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Chapter 4. Editing Photos > Reducing Red-Eye

Reducing Red-Eye

Perhaps the most annoying thing that can go wrong in a photograph is red-eye, a demonic red glow to subjects’ eyes that plagues flash photography. Luckily, iPhoto makes reducing the effect of red-eye easy, although its approach isn’t always ideal.

To reduce red-eye in a photo:

Drag a selection rectangle that includes the subject’s eyes (Figure 4.34).

Figure 4.34. To reduce the effect of red-eye in a photo, drag a selection rectangle around the subject’s eyes, and then click the Red-Eye button.

Click the Red-Eye button in the edit pane or the image-editing window’s toolbar, or -click and choose Red-Eye from the contextual menu.

iPhoto converts the red shades in the selected areas to dark gray.


  • Press and release to toggle between the “before” and “after” views.

  • It can be easier to select the subject’s eyes accurately if you zoom in first, as I’ve done in Figure 4.34. Remember that you can press while dragging to switch away from a constrain setting briefly.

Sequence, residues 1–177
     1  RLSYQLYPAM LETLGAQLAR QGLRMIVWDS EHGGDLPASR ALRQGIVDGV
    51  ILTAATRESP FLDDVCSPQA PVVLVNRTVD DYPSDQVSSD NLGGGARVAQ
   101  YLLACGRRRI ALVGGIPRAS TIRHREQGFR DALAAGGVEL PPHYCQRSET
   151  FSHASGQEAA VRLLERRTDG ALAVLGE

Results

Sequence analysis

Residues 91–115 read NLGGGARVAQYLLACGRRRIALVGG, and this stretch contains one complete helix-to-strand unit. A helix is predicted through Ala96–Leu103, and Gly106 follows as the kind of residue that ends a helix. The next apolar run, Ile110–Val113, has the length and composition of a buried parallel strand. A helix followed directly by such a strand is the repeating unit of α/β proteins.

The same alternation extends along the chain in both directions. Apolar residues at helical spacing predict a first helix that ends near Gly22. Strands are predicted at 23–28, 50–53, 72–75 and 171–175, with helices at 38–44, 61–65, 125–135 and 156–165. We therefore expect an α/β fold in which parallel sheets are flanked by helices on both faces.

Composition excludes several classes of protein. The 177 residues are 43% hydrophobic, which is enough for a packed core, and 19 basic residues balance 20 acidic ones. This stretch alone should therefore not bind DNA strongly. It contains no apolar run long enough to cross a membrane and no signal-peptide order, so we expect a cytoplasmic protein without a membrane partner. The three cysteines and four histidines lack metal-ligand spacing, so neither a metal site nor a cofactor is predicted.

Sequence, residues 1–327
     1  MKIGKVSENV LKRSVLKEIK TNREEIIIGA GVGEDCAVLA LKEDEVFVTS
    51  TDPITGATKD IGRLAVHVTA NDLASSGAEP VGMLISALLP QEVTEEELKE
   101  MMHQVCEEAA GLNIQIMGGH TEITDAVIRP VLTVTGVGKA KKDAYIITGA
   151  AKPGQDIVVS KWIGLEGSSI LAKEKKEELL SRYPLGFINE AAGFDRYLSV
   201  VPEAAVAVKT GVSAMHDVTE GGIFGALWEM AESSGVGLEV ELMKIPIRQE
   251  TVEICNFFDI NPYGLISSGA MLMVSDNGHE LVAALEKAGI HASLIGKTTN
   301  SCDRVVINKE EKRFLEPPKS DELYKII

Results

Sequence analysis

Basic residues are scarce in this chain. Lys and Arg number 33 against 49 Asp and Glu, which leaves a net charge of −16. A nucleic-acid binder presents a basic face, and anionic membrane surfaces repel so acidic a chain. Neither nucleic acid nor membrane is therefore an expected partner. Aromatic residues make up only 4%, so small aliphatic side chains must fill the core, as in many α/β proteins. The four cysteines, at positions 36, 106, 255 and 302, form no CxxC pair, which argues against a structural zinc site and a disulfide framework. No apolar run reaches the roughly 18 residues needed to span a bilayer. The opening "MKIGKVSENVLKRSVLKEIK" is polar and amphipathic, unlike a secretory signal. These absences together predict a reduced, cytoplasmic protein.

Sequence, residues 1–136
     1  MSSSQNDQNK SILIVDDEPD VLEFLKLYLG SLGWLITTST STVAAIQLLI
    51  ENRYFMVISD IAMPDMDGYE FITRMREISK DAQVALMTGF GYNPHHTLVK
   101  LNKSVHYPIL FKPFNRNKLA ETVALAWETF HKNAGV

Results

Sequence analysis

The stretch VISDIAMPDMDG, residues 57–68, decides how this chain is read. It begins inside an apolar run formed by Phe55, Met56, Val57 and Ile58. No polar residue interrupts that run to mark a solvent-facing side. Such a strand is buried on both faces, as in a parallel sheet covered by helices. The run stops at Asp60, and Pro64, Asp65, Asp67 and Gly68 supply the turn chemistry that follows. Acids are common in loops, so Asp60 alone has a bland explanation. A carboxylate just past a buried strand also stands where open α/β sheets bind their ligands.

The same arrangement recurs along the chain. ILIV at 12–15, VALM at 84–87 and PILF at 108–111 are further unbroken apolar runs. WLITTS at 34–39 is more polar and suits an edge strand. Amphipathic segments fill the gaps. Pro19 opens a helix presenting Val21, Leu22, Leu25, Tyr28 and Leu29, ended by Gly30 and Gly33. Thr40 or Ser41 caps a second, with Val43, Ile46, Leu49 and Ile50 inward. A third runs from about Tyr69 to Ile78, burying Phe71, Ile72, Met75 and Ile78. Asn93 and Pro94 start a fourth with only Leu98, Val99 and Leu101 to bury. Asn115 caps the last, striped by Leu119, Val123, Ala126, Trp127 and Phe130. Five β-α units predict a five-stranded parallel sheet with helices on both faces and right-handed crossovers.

• If you’re unhappy with the results, try working with one eye at a time.

  • Unfortunately, iPhoto’s approach to reducing red-eye tends to make people look as though they have black eyes, which isn’t ideal if the subject’s eyes are a light blue or gray. You can achieve better results in other image-editing programs.

  • The Red-Eye tool looks only for specific shades of red, as you can see if you select an entire image and click Red-Eye.

  • Sometimes the Red-Eye tool fails. If you can’t edit the image in another program, try using the Retouch tool or convert the photo to black-and-white.

What is Red-Eye?

Red-eye is a phenomenon that occurs in photographs when light from the camera’s flash reflects off the blood vessels in the retina of the subject’s eyes. It’s worse when the flash is close to the lens, with young children, with blue or gray eyes (which reflect more light than darker eyes), and in dim settings.

There are ways to reduce the likelihood of red-eye occurring in the first place.

  • Try to cause the subject’s pupils to contract by increasing the room light, asking the person to look at a bright light right before taking the picture, or using a red-eye reduction feature in your camera (which pulses the flash before taking the picture).

  • Have the subject look slightly away from the camera lens rather than directly toward it.

  • If your camera supports an external flash unit, use it to increase the distance between the flash and the camera lens.

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